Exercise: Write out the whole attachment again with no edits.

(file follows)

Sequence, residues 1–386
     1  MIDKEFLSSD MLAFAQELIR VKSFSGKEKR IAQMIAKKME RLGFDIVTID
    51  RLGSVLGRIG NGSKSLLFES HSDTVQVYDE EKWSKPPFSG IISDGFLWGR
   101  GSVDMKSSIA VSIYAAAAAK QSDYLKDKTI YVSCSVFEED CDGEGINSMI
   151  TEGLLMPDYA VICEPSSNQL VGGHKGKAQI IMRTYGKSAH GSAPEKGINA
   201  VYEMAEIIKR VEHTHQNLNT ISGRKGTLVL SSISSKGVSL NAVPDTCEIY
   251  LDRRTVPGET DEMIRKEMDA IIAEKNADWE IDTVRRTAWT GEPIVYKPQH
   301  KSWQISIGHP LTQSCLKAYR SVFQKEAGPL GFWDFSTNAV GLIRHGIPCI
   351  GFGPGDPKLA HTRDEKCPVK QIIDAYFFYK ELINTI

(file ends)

Sequence, residues 1–386
     1  MIDKEFLSSD MLAFAQELIR VKSFSGKEKR IAQMIAKKME RLGFDIVTID
    51  RLGSVLGRIG NGSKSLLFES HSDTVQVYDE EKWSKPPFSG IISDGFLWGR
   101  GSVDMKSSIA VSIYAAAAAK QSDYLKDKTI YVSCSVFEED CDGEGINSMI
   151  TEGLLMPDYA VICEPSSNQL VGGHKGKAQI IMRTYGKSAH GSAPEKGINA
   201  VYEMAEIIKR VEHTHQNLNT ISGRKGTLVL SSISSKGVSL NAVPDTCEIY
   251  LDRRTVPGET DEMIRKEMDA IIAEKNADWE IDTVRRTAWT GEPIVYKPQH
   301  KSWQISIGHP LTQSCLKAYR SVFQKEAGPL GFWDFSTNAV GLIRHGIPCI
   351  GFGPGDPKLA HTRDEKCPVK QIIDAYFFYK ELINTI